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Saturday, Sep 20, 2014
Martin Fennelly Columns

Gerri’s smiling down, never far from No. 55’s heart

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— The party would have been louder. No doubt. And whether it would have been on the grounds of the Pro Football Hall of Fame or at the hotel or anywhere else, Geraldine Brooks-Mitchell, Derrick Brooks’ mother, would have been running things, celebrating, music blasting, grill going, laughter everywhere. Love, too.

“Heaven is having one big tailgate that Canton is missing,” Derrick Brooks said. “Because if she was here, trust me, all of Canton would know it.”

Geraldine, or simply Gerri, passed way in 2007, on her 52nd birthday, after a long fight with cancer.

Derrick Brooks insists that his mom will be smiling down tonight on his Hall of Fame enshrinement. The same with his grandmother, Martha Brooks, who passed in 1999, and his stepfather, Arthur James “A.J.” Mitchell, who died in 1996. So much of who Brooks is, what he became, goes back to them.

“I think it would be selfish if I had any regrets about my mom and my dad and my grandmother not being here,” Brooks said. “I understand it was God’s plan. Their spirit is here, strong. They never left me, and they never will leave me. I think about them. It all ends with a smile.”

So many people important to Derrick Brooks have converged on this Ohio city. They’re all a part of his journey — family, friends, teammates, coaches, people who have shaped his life and been touched by it. The journey began in Pensacola.

“I would say it probably started with my grandmother,” Brooks said. “She made sure if anybody came around, they were treated with a level of respect.”

Martha Brooks took care of people. If she saw someone, even a stranger, walking by her house and they looked even a little hungry, she’d send out one of her grandchildren with a plate of food.

“A hot meal does a soul good,” Martha would say.

So would her daughter, Geraldine. Derrick Brooks remembers sitting down for dinner some nights and not knowing all the people at the table. His mom would explain.

Oh, this is John. He cuts meat for the butcher. He lost his job and he’s going to be doing some yard work for us. But we’re feeding him first.

When Brooks first made his NFL money, he wanted to buy a house for his grandmother. Martha would tell him never you mind. Just grow up, be successful and be a good person.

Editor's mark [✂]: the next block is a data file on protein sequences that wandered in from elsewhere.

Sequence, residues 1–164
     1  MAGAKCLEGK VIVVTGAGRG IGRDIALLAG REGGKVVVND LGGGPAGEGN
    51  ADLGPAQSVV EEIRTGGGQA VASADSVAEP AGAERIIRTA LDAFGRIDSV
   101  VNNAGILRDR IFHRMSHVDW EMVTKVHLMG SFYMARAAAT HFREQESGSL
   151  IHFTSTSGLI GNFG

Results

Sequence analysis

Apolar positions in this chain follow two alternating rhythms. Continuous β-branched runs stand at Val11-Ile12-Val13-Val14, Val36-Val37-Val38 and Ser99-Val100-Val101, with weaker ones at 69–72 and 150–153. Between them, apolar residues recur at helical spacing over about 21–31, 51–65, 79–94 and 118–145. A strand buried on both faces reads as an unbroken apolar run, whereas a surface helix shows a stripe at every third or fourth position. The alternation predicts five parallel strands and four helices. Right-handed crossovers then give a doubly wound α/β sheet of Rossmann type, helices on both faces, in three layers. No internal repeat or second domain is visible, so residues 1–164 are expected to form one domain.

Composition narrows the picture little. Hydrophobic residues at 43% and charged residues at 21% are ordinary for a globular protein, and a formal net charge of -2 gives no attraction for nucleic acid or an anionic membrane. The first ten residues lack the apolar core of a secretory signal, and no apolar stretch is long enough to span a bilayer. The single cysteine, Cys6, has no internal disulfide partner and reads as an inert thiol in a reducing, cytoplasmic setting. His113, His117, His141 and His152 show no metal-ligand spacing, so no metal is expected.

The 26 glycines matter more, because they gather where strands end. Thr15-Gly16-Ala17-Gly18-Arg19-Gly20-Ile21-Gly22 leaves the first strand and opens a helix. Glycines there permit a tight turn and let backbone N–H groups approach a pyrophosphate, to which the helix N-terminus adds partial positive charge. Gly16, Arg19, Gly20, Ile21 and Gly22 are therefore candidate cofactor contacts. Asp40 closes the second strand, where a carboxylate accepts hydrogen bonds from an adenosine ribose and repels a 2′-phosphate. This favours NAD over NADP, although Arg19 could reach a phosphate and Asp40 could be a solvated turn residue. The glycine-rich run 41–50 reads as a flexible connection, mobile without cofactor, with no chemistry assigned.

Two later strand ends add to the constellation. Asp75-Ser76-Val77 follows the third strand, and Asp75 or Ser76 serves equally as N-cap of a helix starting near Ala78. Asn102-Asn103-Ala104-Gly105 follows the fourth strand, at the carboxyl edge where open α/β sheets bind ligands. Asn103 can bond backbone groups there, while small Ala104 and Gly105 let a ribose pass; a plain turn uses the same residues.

“She was all about making sure I didn’t let anyone get in the way of my dreams,” Brooks said.

Brooks thought about his stepfather. A.J. Mitchell kept his family fed, driving a cab, doing odd jobs, even mechanic work on cars in the front yard, pull right on in. A.J. taught his children well. Once, he yanked the belt from his trousers and spanked Derrick — in the middle of the classroom at grade school. Derrick had been cutting up too much. A bright white light. The straight and narrow beckoned. Derrick Brooks never looked back.

A.J. taught his son others things.

“Finish,” Brooks said. “He gave me one time to quit football, when I first went out. I practiced one day, turned the pads in. He loved on me a little bit, but he told me, ‘This was the first and last time you’ll quit.’ He told me talent has nothing to do with effort. He told me it was about effort and finishing. And humility.”

And there was Geraldine.

“There are so many lessons with Mom,” Brooks said. “She taught me that academics and athletics are one. She taught me treat people how you want to be treated. And humility. Always humility.”

Brooks grinned.

“My mother was a jokester, a prankster. Very rarely were you around my mom and you didn’t have a smile on your face.”

Geraldine would lead tailgate caravans down from Pensacola, to Florida State games, later to Tampa and the Bucs. When she hit the parking lot, it stayed hit, with Geraldine in the middle in her No. 55 jersey, laughing, loving life. That was her. Have a beer, a good meal, play some dominoes. When she met you, you were her friend. She left you no choice.

Geraldine would organize Christmas giveaways in Pensacola, reaching out in the neighborhoods. She’d cook holiday meals, load up a van and deliver them. The message everyone took from her, even as she battled cancer, was that each day the Lord gave you was a good one.

“My mother, she’s a bigger celebrity than I am in my hometown,” Brooks said. “It’s just who she was. Just last year, going to a game, someone had my jersey on and stopped and told me, ‘Hey, Derrick, I just want to say I miss your mom.’ ”

They had to switch churches for her funeral because the first one couldn’t hold all the people who wanted to celebrate Geraldine.

“She touched a lot of people,” Brooks said.

So has her son.

He enters the Hall of Fame tonight.

Yes, the party could have been louder.

No matter.

It all ends with a smile.

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